No, ACC expansion was about one sport, the cash-cow sport — football.
But with Virginia Tech and Miami clashing Sunday at Cassell Coliseum in shorts and high-tops, now is a good time to assess how the conference's newbies — Boston College arrived a year later — are faring in the sport that made the ACC famous.
Conclusions are elusive, advances and retreats fluid. But this is clear:
ACC basketball membership has most benefitted Virginia Tech.
Not to suggest the Hokies tower above the Eagles and Hurricanes. They don't.
In the last 15 seasons, Boston College has won six NCAA tournament games, Miami four and Virginia Tech one.
Since joining the ACC, the Hokies are 51-51 in conference games, the Eagles 44-42, the Hurricanes 38-64.
But consider from whence Virginia Tech came.
In the seven seasons before grabbing the ACC lifeline, the Hokies labored for three in the Atlantic 10 and four in the Big East. Combined conference record: 37-75. No NCAA or NIT bids.
Meanwhile, Boston College and Miami were thriving in the Big East, each routinely winning 10 or more league games.
Tech's revival starts with coaching. Seth Greenberg is a considerable upgrade from Ricky Stokes and Bobby Hussey.
But there's no denying the ACC's southern roots and more equitable television packages made his job easier.
The Hokies never appeared on ESPN's Big Monday, the network's weekly ode to the Big East, and according to Tech's web archives, only seven of its regular-season games were televised during those four Big East years.
This season's number is 22.
Now consider attendance. More jazzed about the ACC (Duke and North Carolina) than Big East (Georgetown and Syracuse), Tech fans flock to games.
In their final Big East season, the Hokies' average home attendance for conference games was 7,044. Last year's norm was 9,845, and seven of the eight were sellouts (9,847).
More TV exposure + larger crowds = more money.
In its final academic year in the Big East, 2003-04, Virginia Tech's annual filings to the U.S. Department of Education reported basketball revenue of $2.354 million and expenses of $2.587 million, a $233,000 deficit.
For 2009-10, the Hokies showed $9.252 million in revenue and $4.790 million in expenses, a tidy $4.46 million profit.
The equation isn't nearly as encouraging for Boston College and Miami.
BC's basketball revenue has nearly doubled, to $8 million, but so have expenses. Most telling, attendance for home conference games has plummeted.
In their final Big East season, 2004-05, the Eagles sold out 8,606-seat Conte Forum for every Big East contest. Last year they averaged 6,679 for ACC games, and this season it's 4,932.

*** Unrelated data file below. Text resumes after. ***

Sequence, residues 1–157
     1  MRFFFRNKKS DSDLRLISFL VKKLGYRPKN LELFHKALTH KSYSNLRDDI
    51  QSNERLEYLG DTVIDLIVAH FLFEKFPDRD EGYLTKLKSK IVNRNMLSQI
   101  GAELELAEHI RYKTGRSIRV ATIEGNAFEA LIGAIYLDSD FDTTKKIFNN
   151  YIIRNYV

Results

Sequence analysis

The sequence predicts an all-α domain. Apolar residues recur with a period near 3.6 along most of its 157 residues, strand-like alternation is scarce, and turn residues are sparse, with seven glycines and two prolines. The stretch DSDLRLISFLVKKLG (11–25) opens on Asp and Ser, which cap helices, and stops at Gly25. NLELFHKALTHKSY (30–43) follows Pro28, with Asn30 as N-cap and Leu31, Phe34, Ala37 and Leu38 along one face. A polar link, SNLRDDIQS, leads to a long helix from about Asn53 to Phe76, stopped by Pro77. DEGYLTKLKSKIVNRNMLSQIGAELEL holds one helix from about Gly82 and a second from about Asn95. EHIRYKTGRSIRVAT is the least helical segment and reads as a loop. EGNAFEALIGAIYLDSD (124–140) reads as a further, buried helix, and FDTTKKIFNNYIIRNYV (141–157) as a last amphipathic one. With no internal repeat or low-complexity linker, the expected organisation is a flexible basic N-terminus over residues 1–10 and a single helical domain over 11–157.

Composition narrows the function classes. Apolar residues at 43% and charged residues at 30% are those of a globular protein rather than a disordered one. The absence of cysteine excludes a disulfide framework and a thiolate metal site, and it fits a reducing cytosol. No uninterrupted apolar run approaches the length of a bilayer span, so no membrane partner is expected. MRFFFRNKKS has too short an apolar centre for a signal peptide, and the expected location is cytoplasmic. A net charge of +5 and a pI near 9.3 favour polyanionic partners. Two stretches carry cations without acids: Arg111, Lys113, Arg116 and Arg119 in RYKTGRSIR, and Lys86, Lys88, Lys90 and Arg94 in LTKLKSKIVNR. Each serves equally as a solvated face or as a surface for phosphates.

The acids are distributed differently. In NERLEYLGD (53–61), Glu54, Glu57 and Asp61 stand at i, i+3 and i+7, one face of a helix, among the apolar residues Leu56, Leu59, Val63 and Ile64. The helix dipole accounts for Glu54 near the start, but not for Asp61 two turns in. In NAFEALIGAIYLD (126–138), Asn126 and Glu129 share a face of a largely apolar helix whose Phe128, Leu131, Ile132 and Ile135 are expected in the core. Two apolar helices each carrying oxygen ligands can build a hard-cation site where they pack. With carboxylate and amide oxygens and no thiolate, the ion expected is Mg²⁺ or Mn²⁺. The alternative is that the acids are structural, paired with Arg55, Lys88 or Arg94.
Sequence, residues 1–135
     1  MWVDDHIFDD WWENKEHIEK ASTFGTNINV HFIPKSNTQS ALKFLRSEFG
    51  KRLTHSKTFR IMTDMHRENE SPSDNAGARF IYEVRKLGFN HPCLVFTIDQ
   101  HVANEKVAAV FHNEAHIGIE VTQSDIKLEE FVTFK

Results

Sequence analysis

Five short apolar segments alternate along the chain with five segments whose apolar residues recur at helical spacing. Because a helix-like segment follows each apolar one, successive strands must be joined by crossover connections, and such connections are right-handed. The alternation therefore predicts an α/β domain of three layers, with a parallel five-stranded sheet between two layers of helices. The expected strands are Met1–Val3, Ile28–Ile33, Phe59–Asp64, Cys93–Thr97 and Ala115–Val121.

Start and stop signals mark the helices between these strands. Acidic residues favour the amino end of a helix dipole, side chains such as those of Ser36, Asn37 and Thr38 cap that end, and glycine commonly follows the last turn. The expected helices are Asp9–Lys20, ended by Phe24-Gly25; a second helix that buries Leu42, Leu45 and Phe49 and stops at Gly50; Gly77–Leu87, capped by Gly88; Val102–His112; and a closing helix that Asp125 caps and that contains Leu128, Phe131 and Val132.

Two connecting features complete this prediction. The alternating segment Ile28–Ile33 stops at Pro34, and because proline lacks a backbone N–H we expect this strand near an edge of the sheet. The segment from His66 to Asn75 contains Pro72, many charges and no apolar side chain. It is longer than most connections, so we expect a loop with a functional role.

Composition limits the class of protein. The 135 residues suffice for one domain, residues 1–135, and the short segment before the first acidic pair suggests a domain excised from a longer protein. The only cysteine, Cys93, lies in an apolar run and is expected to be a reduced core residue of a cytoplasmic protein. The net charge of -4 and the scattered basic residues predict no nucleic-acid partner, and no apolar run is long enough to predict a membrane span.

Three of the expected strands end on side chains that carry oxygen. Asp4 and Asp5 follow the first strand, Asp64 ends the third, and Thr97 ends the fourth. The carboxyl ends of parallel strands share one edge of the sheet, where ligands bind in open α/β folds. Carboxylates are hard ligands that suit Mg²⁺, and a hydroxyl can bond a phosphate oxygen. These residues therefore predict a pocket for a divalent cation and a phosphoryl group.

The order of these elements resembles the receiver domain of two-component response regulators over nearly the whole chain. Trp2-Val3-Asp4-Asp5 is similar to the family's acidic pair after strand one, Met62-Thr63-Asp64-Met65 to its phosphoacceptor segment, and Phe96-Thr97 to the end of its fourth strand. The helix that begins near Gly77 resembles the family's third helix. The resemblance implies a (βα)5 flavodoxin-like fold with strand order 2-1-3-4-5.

Blame geography. Boston College is isolated — Maryland is the closest ACC school, about 425 miles away — and its fans are far more attuned to Big East opponents such as Connecticut, Syracuse, Villanova and St. John's.
Miami was similarly marooned in the Big East, and its average crowd for conference games has nearly doubled, from 3,270 in 2003-04 to 6,244 this season. The Hurricanes' basketball profit increased from $1.81 million in their final Big East year to $2.43 million last season.
"I grew up in North Carolina," seventh-year Miami coach Frank Haith said. "I know the passion and enthusiasm for college basketball in North Carolina, Tobacco Road and the ACC. … It has gotten better and better (at Miami) each year, and I think one of the things that helps is geography.
"There's just been a lot more interest in basketball, and it's growing each year. We had a tremendous outing against Florida State, our home (ACC) opener, with our student section and enthusiasm. I remember my first couple of years, when that was not the case. The pageantry of this league and the tradition of this league have really helped."
But Miami's tangible gains in support and revenue haven't translated on the court. The Hurricanes' 38 league wins since 2004 rank last -- tied with Virginia -- among the ACC's 12 programs.
Meanwhile, at Virginia Tech, ACC membership has coincided with a quadrupling of revenue, larger crowds, a $21-million practice complex and a much better team. Plenty to like there.
David Teel can be reached at 247-4636 or by e-mail at firstname.lastname@example.org. For more from Teel, read his blog at dailypress.com/teeltime, and follow him at twitter.com/DavidTeelatDP